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Eve Revisited
by Alison Deming

Pomegranates fell from the trees
in our sleep. If we stayed
in the sun too long
there were aloes
to cool the burn.
Henbane for predators
and succulents when the rain was scarce.

There was no glorified past
to point the way
true and natural
for the sexes to meet.
He kept looking to heavens
as if the answer were anywhere
but here. I was so bored
with our goodness
I couldn't suck the juice
from one more pear.

It's here, I kept telling him,
here, rooted in the soil
like every other tree
you know. And I wove us
a bed of its uppermost branches.



Alison Hawthorne Deming is the author of The Monarchs: A Poem Sequence (Louisiana State University Press), Science and Other Poems, Temporary Homelands: Essays on Nature, Spirit and Place, and is the editor of Poetry of the American West. She is director of the University of Arizona Poetry Center. This poem is selected from Science and Other Poems (Louisiana State University Press), which received the 1993 Walt Whitman Award of The Academy of American Poets. Alison is a regular participant in The Orion Society's Forgotten Language Tour.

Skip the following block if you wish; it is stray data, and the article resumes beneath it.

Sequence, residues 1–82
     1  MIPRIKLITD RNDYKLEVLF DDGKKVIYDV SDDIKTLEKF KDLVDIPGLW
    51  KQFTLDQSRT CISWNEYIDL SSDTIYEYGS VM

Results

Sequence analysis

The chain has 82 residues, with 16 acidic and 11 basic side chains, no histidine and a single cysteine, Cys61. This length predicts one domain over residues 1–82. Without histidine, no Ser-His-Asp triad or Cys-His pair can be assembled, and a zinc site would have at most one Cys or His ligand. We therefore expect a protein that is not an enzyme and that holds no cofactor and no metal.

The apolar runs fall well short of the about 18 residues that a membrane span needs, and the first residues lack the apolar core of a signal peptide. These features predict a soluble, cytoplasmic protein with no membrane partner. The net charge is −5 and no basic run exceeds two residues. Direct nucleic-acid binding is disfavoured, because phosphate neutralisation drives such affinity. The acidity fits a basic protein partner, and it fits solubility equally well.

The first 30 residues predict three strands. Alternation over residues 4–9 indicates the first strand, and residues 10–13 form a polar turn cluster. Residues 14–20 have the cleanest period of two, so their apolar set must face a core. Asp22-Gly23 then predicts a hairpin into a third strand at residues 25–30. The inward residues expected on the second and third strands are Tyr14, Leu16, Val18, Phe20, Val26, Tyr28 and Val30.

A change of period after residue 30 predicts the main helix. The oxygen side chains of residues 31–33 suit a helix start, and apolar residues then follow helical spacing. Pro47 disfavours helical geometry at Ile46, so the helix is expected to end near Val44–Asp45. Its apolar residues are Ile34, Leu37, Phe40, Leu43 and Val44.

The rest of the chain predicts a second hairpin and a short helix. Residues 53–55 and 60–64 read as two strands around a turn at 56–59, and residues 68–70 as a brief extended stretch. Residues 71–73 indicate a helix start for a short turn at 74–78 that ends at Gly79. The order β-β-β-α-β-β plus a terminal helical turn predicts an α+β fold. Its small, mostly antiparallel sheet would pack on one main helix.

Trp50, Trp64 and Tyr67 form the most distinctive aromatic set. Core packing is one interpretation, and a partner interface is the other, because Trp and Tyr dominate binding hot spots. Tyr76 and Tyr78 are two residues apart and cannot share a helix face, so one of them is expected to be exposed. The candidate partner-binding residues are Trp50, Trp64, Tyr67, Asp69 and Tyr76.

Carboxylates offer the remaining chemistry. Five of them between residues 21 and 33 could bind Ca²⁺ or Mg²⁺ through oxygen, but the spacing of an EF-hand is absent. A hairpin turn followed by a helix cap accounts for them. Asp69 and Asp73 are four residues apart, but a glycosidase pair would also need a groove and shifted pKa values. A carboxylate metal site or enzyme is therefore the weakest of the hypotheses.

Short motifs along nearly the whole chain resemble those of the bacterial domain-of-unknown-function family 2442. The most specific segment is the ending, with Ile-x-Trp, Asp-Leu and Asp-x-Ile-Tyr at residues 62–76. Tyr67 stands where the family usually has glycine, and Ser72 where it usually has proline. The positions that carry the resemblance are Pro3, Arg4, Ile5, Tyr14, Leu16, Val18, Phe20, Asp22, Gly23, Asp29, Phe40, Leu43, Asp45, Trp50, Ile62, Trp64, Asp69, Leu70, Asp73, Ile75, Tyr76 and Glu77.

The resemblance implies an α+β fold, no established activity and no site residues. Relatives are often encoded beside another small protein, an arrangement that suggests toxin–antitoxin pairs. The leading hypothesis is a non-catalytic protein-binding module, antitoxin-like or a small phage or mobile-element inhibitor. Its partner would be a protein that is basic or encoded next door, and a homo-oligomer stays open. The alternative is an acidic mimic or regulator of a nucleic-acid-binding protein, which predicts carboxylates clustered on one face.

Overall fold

If you'd like to order her books (and others), please visit The Orion Society Bookstore.

This poem was originally published in the Spring 1994 issue of Orion. To order a copy of this issue, please visit The Orion Society Marketplace, call (413) 528-4422, write The Orion Society, 195 Main Street, Great Barrington, MA 01230, or e-mail us at orion@orionsociety.org.



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